I wonder if today we have really emerged from the Industrial Revolution. Yes, the depressing landscape of dark mills has, for most people, disappeared; our cities have been largely refurbished and we speak about a post-industrial age. Yet, the vital signs today, in my estimation, show that we have not emerged properly, or at all, from that era in which our humanity became obscured by technology and in which hope in God was exchanged for hope in human production.
Today human production no longer refers to what our factories can turn out, but rather a new embracing of the Enlightenment's claim that all things, even our knowledge of the things of God, are dependent upon ourselves.
Having recovered not just from one World War, but two, what we have seen take place in the West has not been a real nurturing of human life, but rather an embracing of the hopelessness that is a consequence of the Industrial Revolution; that we are on our own, that there is no God, and that darkness is at hand. The name we give to this is "secularisation", a phenomenon which represents an inability on the part of society, to emerge from the Industrial Revolution.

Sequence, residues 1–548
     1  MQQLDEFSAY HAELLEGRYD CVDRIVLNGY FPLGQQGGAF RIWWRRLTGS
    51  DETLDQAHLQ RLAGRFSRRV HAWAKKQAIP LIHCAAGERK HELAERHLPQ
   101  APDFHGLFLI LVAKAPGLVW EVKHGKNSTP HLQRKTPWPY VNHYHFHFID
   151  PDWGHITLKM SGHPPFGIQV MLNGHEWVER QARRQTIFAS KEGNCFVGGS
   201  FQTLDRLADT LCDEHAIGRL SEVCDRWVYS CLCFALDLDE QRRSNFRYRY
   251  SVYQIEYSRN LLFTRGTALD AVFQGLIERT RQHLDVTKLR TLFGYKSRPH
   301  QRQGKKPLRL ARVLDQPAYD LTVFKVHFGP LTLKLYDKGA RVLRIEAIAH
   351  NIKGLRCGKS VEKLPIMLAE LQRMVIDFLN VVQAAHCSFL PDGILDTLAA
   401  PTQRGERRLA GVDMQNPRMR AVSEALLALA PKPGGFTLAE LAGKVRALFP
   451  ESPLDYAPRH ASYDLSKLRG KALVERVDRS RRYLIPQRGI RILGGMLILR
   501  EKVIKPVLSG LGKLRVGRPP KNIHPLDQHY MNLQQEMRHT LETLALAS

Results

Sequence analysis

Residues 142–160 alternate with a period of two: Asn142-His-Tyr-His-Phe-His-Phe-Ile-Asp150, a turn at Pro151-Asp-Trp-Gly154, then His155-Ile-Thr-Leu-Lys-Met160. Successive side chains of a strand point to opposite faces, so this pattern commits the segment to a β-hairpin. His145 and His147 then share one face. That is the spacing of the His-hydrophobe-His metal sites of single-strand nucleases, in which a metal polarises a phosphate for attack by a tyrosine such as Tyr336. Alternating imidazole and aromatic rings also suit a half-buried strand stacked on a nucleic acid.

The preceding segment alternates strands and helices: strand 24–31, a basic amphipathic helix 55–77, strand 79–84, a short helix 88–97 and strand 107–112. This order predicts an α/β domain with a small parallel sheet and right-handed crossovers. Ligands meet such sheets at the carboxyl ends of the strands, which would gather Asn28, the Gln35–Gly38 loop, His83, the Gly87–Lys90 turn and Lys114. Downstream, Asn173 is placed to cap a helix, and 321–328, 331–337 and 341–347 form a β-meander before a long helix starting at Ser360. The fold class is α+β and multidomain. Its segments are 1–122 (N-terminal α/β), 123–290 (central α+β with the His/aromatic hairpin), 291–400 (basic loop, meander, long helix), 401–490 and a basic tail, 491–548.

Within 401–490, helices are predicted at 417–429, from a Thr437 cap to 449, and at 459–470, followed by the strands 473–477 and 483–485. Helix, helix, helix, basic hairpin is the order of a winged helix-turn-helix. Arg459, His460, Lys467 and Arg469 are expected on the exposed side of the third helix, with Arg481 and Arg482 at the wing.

We experience this today, as I have said before, in the fundamental benchmark of humanity - that is, can we, or can we not, decide who dies? We have taken this decision to ourselves in Abortion and Euthanasia.
We experience it in choosing human autonomy above and beyond what we are given by God. We see this especially in our false, dehumanising, national and international economies.
We experience it in choosing a loss of human dignity and identity rather than by building that dignity and identity through openness to God. We see this in the way we dress and in the confusion of roles.
We experience it in the way we hand over our children to the new mills of state education systems, relinquishing essential and organic elements of human life, that is to say, childhood and parenthood.
You will, no doubt, be able to add to this list. But my question is, why? Why have we not been able to emerge from a dark era in human history? Why have we not been able to place our hope in Christ? And, perhaps most worrying of all, why has the Church been so slow to respond to the call to a new evangelisation - she who is called to be and give light?